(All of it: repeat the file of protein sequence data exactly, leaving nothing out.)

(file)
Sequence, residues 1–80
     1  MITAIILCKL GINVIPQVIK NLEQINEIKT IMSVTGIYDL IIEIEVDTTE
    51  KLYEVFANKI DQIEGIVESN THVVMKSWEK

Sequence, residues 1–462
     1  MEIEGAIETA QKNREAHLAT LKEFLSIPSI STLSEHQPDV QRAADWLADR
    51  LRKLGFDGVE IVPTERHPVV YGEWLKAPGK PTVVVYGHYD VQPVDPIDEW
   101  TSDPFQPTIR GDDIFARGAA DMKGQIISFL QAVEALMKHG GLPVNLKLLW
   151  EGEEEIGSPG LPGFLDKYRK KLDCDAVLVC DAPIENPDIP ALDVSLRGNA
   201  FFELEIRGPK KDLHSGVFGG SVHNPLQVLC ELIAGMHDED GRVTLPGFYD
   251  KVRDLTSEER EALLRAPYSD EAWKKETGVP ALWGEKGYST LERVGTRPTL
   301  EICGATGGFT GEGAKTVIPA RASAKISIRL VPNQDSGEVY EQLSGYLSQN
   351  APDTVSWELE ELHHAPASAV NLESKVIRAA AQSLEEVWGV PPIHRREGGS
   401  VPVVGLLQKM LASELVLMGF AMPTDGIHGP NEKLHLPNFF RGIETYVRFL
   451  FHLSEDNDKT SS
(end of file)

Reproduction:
Sequence, residues 1–80
     1  MITAIILCKL GINVIPQVIK NLEQINEIKT IMSVTGIYDL IIEIEVDTTE
    51  KLYEVFANKI DQIEGIVESN THVVMKSWEK

Sequence, residues 1–462
     1  MEIEGAIETA QKNREAHLAT LKEFLSIPSI STLSEHQPDV QRAADWLADR
    51  LRKLGFDGVE IVPTERHPVV YGEWLKAPGK PTVVVYGHYD VQPVDPIDEW
   101  TSDPFQPTIR GDDIFARGAA DMKGQIISFL QAVEALMKHG GLPVNLKLLW
   151  EGEEEIGSPG LPGFLDKYRK KLDCDAVLVC DAPIENPDIP ALDVSLRGNA
   201  FFELEIRGPK KDLHSGVFGG SVHNPLQVLC ELIAGMHDED GRVTLPGFYD
   251  KVRDLTSEER EALLRAPYSD EAWKKETGVP ALWGEKGYST LERVGTRPTL
   301  EICGATGGFT GEGAKTVIPA RASAKISIRL VPNQDSGEVY EQLSGYLSQN
   351  APDTVSWELE ELHHAPASAV NLESKVIRAA AQSLEEVWGV PPIHRREGGS
   401  VPVVGLLQKM LASELVLMGF AMPTDGIHGP NEKLHLPNFF RGIETYVRFL
   451  FHLSEDNDKT SS